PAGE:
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Much ado about not much

 

If you believed most of everything written and said about Australia’s proposed 2025 New Vehicle Efficiency Standard (NVES), you could be forgiven for thinking that it was designed to eliminate 4WD wagons and utes. It’s not, because no government is that stupid.

 

2025 Ford Ranger plug-in-hybrid (PHEV)

 

The NVES was developed to drag Australia, kicking and screaming, into the modern world. Along with pariah state, Russia, we’re the only developed country in the world not to have an NVES. The Yanks have been progressively improving fuel consumption across the entire vehicle fleet since the late-1970s and Europe has been doing it since the early 1990s. China leads the world in the adoption of electric and hybrid-electric vehicles.

However, Australia is a tiny automotive market at the end of the earth and no major vehicle maker builds vehicles specifically for us. Our Outback Travel Australia website visitors known only too well the degree of modification and adaptation necessary to make imported vehicles suitable for bush travel Down Under.

Since the 1980s, the most popular vehicles for outback travel have been body-on-frame utes and wagons. There used to be a mix of petrol and diesel power among different makes, but, since the late 1990s, nearly all are diesel.

When the 2025 NVES was proposed, last year, it set emissions targets of 141 grams of CO2 per kilometre for passenger vehicles and 199g/km for light commercial vehicles, including 4WD utes. These targets were to be lowered to 58g/km and 81g/km, respectively, by 2029.

After representations by many interested parties, including the Federal Chamber of Automotive Industries (FCAI), these targets were greatly weakened by the Government. However, many 4WD importers, who sell a balanced lineup of high- and low-emitting vehicles were happy with the original NVES daft.

Further softening the legislation was an FCAI-inspired request to broaden the definition of ‘light commercial’. As a result, many 4WD body-on-frame wagons were reclassified as ‘light commercial vehicles’.

If passed through both houses in Canberra, these definition changes mean that any body-on-frame wagon that has a towing capacity of three tonnes will now be considered under the NVES as a ute. The majority of SUVs will remain classed as passenger vehicles.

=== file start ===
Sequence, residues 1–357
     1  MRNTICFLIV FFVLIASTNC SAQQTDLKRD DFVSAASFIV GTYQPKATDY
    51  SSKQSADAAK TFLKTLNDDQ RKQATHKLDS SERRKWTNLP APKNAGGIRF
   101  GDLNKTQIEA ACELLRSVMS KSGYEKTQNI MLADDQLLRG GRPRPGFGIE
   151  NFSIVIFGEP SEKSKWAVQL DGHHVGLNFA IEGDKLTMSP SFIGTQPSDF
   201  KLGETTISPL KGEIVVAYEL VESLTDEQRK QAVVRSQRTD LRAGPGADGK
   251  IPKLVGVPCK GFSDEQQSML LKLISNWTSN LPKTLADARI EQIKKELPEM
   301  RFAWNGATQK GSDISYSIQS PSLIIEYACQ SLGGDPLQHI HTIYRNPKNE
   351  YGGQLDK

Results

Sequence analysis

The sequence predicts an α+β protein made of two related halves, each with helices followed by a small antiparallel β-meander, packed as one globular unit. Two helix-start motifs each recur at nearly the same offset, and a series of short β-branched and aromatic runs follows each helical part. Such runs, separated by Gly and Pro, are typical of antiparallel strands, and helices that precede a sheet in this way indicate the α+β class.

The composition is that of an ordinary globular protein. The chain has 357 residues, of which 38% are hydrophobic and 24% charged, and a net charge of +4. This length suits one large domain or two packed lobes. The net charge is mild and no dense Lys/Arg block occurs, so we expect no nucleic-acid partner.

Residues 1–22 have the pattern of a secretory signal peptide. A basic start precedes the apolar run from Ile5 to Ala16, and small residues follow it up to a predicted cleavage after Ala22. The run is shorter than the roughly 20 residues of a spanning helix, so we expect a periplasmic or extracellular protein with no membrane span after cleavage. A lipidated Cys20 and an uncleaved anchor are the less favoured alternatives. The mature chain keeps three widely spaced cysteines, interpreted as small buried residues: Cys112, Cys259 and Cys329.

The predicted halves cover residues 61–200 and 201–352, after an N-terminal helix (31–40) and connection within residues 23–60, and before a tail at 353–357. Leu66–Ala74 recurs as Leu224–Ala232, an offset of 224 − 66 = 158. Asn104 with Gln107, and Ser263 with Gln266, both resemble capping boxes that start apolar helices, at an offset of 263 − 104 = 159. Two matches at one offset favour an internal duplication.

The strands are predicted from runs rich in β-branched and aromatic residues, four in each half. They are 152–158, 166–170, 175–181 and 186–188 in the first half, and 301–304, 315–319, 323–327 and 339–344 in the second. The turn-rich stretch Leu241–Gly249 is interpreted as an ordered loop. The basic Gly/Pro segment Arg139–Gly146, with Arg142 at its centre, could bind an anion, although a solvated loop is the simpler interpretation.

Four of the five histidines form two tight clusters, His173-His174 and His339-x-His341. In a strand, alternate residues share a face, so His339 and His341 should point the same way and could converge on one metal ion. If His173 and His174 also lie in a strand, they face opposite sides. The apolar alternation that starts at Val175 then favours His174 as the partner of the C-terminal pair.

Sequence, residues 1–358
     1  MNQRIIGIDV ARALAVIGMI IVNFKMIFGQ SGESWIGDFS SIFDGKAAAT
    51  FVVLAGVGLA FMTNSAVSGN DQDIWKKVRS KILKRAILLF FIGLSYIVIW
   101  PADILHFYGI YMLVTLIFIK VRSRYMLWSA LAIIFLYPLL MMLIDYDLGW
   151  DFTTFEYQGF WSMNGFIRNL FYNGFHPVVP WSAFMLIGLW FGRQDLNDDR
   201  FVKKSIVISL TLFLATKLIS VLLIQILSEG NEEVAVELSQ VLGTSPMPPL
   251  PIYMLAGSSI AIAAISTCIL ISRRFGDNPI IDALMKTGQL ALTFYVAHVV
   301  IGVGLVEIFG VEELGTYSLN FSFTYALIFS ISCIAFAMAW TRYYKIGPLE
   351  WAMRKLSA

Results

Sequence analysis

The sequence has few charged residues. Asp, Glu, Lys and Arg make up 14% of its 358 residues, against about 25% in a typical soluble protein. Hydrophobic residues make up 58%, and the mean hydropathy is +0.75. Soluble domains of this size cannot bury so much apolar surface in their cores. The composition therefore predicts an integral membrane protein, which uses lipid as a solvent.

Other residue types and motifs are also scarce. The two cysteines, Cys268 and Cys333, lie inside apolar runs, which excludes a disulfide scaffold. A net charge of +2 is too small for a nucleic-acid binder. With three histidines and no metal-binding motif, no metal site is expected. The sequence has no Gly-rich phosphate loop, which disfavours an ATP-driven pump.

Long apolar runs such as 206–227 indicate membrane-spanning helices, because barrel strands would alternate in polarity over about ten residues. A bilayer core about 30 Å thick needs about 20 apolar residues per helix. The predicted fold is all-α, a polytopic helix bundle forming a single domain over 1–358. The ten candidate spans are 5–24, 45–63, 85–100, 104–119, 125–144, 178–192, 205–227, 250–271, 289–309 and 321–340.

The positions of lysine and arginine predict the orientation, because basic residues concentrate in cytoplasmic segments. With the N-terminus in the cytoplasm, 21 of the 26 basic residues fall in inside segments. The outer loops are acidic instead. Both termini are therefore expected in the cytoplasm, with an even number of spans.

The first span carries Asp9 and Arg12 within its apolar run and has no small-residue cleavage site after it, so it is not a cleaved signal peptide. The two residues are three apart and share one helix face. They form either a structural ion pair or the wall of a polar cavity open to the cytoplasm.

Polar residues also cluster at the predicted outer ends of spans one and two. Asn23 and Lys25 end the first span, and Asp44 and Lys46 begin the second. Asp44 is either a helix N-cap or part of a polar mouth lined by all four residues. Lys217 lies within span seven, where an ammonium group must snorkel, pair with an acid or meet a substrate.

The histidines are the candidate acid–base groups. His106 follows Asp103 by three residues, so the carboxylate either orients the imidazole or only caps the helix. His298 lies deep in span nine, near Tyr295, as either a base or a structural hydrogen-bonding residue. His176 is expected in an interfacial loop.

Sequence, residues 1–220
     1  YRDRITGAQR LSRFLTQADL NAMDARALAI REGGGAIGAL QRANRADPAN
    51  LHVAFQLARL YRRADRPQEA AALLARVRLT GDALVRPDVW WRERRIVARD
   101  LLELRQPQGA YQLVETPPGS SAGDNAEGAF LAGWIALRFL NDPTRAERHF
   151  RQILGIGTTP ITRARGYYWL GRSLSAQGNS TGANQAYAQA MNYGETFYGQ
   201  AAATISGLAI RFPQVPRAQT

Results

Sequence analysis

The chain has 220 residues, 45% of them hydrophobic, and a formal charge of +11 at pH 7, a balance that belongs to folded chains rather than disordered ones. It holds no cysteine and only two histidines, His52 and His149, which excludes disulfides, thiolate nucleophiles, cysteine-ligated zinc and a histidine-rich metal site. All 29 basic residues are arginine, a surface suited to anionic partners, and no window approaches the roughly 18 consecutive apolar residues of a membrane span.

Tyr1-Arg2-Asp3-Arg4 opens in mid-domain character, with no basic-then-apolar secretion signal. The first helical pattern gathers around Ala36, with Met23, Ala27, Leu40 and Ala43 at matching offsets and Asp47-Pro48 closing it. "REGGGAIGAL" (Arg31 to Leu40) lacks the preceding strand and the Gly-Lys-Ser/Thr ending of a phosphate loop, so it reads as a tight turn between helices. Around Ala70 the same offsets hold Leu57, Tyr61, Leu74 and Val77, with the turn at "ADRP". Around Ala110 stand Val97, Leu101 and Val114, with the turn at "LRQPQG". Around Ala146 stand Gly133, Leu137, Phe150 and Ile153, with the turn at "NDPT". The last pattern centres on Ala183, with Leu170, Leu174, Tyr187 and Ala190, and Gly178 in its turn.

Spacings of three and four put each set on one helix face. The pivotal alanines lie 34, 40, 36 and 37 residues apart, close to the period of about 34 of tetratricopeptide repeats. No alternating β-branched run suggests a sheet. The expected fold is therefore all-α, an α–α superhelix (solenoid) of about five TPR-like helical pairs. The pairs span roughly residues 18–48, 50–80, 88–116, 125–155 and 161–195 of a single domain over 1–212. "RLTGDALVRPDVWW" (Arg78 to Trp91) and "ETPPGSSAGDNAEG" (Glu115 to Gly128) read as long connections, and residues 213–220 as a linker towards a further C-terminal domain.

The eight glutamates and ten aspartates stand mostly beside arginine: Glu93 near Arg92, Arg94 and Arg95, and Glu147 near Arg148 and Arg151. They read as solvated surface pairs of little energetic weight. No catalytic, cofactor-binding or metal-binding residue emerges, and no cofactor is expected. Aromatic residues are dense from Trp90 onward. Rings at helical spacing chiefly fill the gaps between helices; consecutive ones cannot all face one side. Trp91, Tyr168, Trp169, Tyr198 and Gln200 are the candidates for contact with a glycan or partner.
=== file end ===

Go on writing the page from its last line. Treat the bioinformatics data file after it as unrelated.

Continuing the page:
Under the revised NVES that was presented to Parliament in late-March 2024, the 2025 emissions target for light commercial vehicles is 210g/km of CO2, shrinking to 110g/km by 2029. Most four-cylinder diesel utes and wagons have claimed CO2 emission levels below the starting 210g/km, but those claims need to be analysed against the fact that many major vehicle makers – Toyota, Mercedes-Benz, Audi and Volkswagen included – have been found guilty of lying about their real-word emissions.

The government’s original NVES was expected to eliminate 369 million tonnes of CO2 by 2050, but the watered-down standard will cut a claimed 321m tonnes by 2050.

What we don’t know is whether the Labor Government will extend the FBT tax breaks that currently apply to crew-cab utes, to now similarly-classified 4WD body-on-frame wagons.

So, what’s the short-term wash-up for your next 4WD purchase? Nothing! If you want a new diesel ute or wagon, it’ll be business as usual during 2025. 

However, we can expect to see some lower-emitting powertrain packages released very soon. Toyota has already flagged mild-hybrid HiLux and Prado models and Ford has said it’s introducing a petrol/electric full-hybrid PHEV Ranger in early 2025.

Chinese 4WD makers already have a brace of petrol hybrids that they’re ready to introduce and this presence will hopefully stop the traditional market leaders from price-gouging with their hybrids.

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